Why Is Everyone On Instagram So Hype About GG Crackers?

The trendiest health food on Instagram right now isn't an artfully arranged açaí bowl, a methodical meal prep kit, or a vibrant green matcha latte — it's a Scandinavian cracker that's packed with fiber and looks like cardboard. Despite the bland appearance, people have found ways to dress up their fiber rectangles so they look Insta-worthy. On your feed, you may see photos of the fiber crackers piled high with with avocado, topped with square-shaped omelettes, or smothered in cream cheese and vegetables.
If you've never heard of or seen these crackers before, they're called "GG Fiber Crispbreads" or just "GG crackers." Way back in 1935, a Norwegian guy named Gunder Gundersen invented a slow-baked cracker that was rich in fiber to help with his persistent digestive issues. He ended up with a hearty, dense flatbread that contains up to 4 grams of fiber and only 20 calories. But recently, fiber has become fashionable with the clean-eating wellness crowd, and GG crackers gained cult-level status with dieters.
Here's the thing about fiber: It's an important nutrient that can help digestion, lower cholesterol levels, and improve blood sugar levels, according to the Mayo Clinic. Most fibrous foods provide other good-for-you nutrients, too, like fruits, vegetables, whole grains, and legumes. It's recommended that most Americans get between 25 and 30 grams of fiber per day, but many people looking to lose weight load up on foods high in fiber, because it's filling and low-cal.
The aforementioned GG crackers are marketed as an "appetite-control" food, and you're encouraged to eat them in lieu of bread or other carbs, because they contain fewer calories. On the website, they suggest eating five GG crackers a day for a "whopping 20 grams of fiber." And if Instagram is to be believed, many people do eat these crackers for several meals a day in order to lose weight.
While GG crackers aren't necessarily bad, it's not a good idea to eat them as a form of dieting, says Alissa Rumsey, MS, RD, an anti-diet registered dietitian nutritionist and intuitive eating coach in New York City. "I'd rather see people getting their fiber from a wide variety of foods instead of predominantly from one type of food," she says. If you're only eating GG crackers all day long, then you're going to feel full, but deprived of other nutrients. This kind of "diet-type thinking" can lead to bingeing and overeating over time, she says. "Fiber is an important component of fullness, but so is protein and fat," she says. "It's not just about fullness either — satisfaction is even more important."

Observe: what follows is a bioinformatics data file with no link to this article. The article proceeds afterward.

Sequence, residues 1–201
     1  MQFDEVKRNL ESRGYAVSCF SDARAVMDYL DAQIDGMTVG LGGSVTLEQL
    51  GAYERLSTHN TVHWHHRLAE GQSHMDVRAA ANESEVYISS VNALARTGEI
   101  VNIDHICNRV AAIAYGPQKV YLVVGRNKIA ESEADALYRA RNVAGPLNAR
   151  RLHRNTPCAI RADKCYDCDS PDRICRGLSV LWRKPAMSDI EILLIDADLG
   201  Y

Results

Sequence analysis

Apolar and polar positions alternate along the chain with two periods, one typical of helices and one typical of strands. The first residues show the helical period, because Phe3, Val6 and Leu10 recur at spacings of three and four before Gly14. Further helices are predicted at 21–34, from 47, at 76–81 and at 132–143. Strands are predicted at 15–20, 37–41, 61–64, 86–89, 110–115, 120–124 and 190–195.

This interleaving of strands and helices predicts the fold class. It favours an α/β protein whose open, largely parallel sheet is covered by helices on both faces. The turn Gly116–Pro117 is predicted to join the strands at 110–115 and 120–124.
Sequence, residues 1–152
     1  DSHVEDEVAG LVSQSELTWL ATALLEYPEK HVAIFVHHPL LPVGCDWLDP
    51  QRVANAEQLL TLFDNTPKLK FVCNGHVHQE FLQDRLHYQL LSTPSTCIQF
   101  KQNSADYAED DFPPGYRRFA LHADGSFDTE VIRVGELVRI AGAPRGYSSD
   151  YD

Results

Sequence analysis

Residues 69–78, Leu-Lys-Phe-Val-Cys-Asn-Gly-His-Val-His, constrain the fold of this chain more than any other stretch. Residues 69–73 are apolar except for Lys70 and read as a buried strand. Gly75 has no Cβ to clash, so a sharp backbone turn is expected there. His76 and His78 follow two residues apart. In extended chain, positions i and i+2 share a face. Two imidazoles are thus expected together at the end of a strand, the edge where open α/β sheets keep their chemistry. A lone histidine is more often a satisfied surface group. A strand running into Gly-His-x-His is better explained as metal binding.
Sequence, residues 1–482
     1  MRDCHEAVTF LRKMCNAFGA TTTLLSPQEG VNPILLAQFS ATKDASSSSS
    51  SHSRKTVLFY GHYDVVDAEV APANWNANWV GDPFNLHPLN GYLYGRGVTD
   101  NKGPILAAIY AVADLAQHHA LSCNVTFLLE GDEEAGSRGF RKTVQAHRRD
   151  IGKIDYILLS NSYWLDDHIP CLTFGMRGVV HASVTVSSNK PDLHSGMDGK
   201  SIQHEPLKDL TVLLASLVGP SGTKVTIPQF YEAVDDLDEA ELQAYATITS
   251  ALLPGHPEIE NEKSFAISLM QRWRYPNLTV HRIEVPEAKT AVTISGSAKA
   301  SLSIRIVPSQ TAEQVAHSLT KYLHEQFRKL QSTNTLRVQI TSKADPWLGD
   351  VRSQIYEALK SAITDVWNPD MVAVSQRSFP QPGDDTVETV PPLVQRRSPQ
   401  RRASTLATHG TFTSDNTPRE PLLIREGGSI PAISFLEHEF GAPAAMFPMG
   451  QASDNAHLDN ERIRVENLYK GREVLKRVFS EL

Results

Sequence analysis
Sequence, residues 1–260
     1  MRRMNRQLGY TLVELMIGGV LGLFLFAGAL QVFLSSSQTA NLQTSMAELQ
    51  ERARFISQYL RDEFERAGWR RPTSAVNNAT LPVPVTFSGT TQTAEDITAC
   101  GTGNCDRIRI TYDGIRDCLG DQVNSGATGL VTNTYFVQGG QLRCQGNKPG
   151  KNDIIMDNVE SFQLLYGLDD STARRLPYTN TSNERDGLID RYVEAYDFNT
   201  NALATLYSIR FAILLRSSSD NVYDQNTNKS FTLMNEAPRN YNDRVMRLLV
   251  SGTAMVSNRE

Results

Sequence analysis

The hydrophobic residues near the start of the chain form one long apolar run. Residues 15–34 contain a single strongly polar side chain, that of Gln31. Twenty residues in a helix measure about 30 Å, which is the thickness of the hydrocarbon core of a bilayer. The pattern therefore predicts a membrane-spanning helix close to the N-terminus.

Knowing when you're satisfied is a crucial aspect of intuitive eating, but eating high-fiber crackers in order to feel full messes with that. "You could eat high fiber crackers and feel full, but if you aren't satisfied, then you're more likely to continue grazing and eating more food," Rumsey says. "Where if you just have the real carbs you feel like, you'll be more satisfied and probably end up eating less." Not to mention, if your typical diet doesn't include a lot of fiber, increasing your intake with lots of crackers could lead to gastrointestinal distress, she says.
What's ironic is that GG crackers are Instagram-famous not because they look pretty, but because people like to share inventive ways to make the crackers taste somewhat tolerable. GG crackers taste really, truly bland. Plain, they taste like an Amazon cardboard box. With toppings, they make whole grain bread look like manna from heaven. I've never eaten tree bark, but I get the feeling that it tastes more interesting than GG crackers. I asked one of our food writers at Refinery29 to describe the taste, and she said: "like edible sawdust."

Fiber is an important component of fullness, but so is protein and fat. It's not just about fullness either — satisfaction is even more important.

Alissa Rumsey, MS, RD, an anti-diet registered dietitian nutritionist and intuitive eating coach in New York City
Instead of eating crackers reminiscent of sawdust, you may want to consider just adding at least one high-fiber food (like fruits, vegetables, beans, and whole grains) to each meal, Rumsey says. By eating a wide variety of high-fiber foods, you're also getting a balanced mix of soluble fiber (the kind that dissolves in water and helps blood glucose levels) and insoluble fiber (the kind that doesn't dissolve, and helps move material through your digestive system), she says. Basically, too much of one thing is never a good idea, and that applies to GG crackers, too.
TL;DR It's easy to be swayed by Insta-famous products or foods like GG crackers because everyone you know claims they're amazing. In this case, if you actually like the taste of GG crackers, then go for it — but know that they may not make you feel satisfied, so it's probably as good-for-you as eating cardboard. That's just the way the GG cracker crumbles.
If you are struggling with an eating disorder and are in need of support, please call the National Eating Disorders Association Helpline at 1-800-931-2237. For a 24-hour crisis line, text “NEDA” to 741741.

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